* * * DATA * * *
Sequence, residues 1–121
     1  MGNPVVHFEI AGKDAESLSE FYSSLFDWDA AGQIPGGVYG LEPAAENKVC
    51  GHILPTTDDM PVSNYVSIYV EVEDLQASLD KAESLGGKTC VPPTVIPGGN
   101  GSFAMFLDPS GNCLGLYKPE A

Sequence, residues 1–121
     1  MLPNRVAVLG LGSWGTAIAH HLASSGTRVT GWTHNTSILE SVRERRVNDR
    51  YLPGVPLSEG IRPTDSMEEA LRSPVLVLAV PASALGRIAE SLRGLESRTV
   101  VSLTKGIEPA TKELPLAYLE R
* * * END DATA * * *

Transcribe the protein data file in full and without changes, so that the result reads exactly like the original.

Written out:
Sequence, residues 1–121
     1  MGNPVVHFEI AGKDAESLSE FYSSLFDWDA AGQIPGGVYG LEPAAENKVC
    51  GHILPTTDDM PVSNYVSIYV EVEDLQASLD KAESLGGKTC VPPTVIPGGN
   101  GSFAMFLDPS GNCLGLYKPE A

Sequence, residues 1–121
     1  MLPNRVAVLG LGSWGTAIAH HLASSGTRVT GWTHNTSILE SVRERRVNDR
    51  YLPGVPLSEG IRPTDSMEEA LRSPVLVLAV PASALGRIAE SLRGLESRTV
   101  VSLTKGIEPA TKELPLAYLE R